A presenter has the option of using himself or the slides to convey the point; ‘Me’ certainly matters more than the slides but the importance of slides as an excellent presentation aid cannot be negated. Hence, an equitable distribution of responsibility between the slides and ‘Me’ is normally the right approach with the presenter depending more on his skills than the slides. The content on the slides must be as brief as possible giving leeway to the speaker to convey the way he chooses to and maintain eye contact with the audience.
Mistakes and grammatical errors on slides are like committing hara-kiri, even the colour and the font size must be chosen carefully. It always makes sense to have a run through of slides on the actual or similar venue before the main presentation, what appears good on computer does not have the same effect on the big screen.
Engaging the Audience
No doubt that the authenticity of the content goes a long way in keeping the audience glued to the seat and attentive but what also matters is the style of the speaker. Develop your own unique style of narrating the story, yes, it is storytelling which catches the imagination of the listeners. The story should be free flowing and develop naturally. Do not let the anxiety get the better of you, remember you are not on stage to perform but to converse and engage.
Do not use the rostrum as a cover, entire stage is yours, use it to the fullest. The diction must be perfect and language simple which can be easily understood by the audience. The use of body language especially the hand gestures, facial expressions and the way of delivery all go to make the presentation worth sitting through.
There is no human who does not love humour, but it should not appear to be forced. The jokes and the funny expressions should flow naturally and gel with the script.
It is not bad to have a bit of professional swag which comes from the quality of speaker’s preparation and knowledge.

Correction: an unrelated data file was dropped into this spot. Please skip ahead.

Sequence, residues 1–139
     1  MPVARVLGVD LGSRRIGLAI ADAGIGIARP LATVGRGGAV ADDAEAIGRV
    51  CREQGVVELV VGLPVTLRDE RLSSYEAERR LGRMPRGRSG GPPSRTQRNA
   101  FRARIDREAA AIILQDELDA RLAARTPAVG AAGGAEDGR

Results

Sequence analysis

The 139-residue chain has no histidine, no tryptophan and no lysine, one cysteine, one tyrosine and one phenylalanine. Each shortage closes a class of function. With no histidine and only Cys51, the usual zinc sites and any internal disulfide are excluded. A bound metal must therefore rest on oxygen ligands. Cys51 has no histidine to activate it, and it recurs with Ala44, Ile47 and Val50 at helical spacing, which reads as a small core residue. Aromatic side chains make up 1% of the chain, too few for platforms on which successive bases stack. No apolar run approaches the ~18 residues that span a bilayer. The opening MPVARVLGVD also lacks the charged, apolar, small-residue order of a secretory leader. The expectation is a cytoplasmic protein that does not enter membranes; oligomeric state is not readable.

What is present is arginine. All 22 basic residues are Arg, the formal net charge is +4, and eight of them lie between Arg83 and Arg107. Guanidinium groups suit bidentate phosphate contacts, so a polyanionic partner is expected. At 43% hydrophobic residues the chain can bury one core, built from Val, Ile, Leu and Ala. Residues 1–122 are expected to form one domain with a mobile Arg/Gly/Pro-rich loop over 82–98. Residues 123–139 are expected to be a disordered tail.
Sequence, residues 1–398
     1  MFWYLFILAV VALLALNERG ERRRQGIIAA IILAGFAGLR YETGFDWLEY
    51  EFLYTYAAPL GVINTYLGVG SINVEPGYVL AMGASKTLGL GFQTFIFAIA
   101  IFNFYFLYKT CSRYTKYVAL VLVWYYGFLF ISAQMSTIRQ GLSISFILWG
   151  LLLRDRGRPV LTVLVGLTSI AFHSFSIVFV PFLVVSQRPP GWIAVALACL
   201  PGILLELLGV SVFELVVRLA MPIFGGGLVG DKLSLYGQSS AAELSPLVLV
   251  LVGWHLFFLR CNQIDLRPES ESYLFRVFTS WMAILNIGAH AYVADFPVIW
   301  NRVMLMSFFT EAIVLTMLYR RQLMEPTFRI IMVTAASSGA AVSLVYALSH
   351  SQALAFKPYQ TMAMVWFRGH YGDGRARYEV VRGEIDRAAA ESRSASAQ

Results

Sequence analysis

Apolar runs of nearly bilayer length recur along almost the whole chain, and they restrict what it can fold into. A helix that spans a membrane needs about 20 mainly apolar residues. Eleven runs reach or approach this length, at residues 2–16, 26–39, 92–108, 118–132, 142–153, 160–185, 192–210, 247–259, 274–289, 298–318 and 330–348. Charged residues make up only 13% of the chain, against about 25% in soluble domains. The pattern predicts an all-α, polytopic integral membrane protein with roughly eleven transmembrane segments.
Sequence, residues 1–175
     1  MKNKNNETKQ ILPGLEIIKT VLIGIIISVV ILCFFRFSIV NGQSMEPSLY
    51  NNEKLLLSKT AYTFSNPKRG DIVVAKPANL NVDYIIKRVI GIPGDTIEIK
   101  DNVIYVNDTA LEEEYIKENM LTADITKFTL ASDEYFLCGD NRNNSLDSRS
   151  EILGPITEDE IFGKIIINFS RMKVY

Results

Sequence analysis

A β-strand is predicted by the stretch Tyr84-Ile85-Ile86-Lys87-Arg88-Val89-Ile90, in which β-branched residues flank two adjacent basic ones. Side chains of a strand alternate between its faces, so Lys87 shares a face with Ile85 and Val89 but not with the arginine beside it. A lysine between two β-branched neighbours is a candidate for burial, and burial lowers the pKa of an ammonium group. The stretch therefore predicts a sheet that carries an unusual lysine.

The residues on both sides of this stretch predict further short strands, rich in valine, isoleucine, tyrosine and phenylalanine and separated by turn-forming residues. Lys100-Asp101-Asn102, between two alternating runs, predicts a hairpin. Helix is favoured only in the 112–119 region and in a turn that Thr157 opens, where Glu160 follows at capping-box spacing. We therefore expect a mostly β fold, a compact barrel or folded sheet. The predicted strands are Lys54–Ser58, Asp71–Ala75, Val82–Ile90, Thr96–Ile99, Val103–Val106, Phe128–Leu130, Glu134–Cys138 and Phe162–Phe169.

Remember that you are interacting with people and not just talking to the mike or conversing with the walls, keep the audience engaged through eye contact or by drawing vocal responses.
Do not keep repeating yourself and choose the examples for conveying lessons with utmost care. The examples must be relevant and as far as possible contemporary to which the audience can relate easily.
I have seen speakers getting carried away and overshooting the time limit and there are others who do not know what to do with the allotted time. Time your presentation to perfection, if need be multiple rehearsals can be carried out to work out the timings.
Q & A Sessions
The Q & A sessions can get quite tricky and people can ask awkward questions or make some nasty observations which on any other occasion might just put you off but you cannot allow that to happen here. Listen carefully, even repeating the question is not a bad idea as it makes extra time available to think over. Keep calm and answer intelligently.
The conclusion is as important as the introduction, one should know when and how to stop; the last sip of the tea should taste as good or maybe better than the first.
These are some of the lessons I had learnt during my journey of polishing the public speaking skills. I must admit perfection is yet a considerable distance away, the quest to achieve excellence is going on. The lessons I have referred to are as good for a written document as they are for a live presentation; personal touch remaining prime in both cases.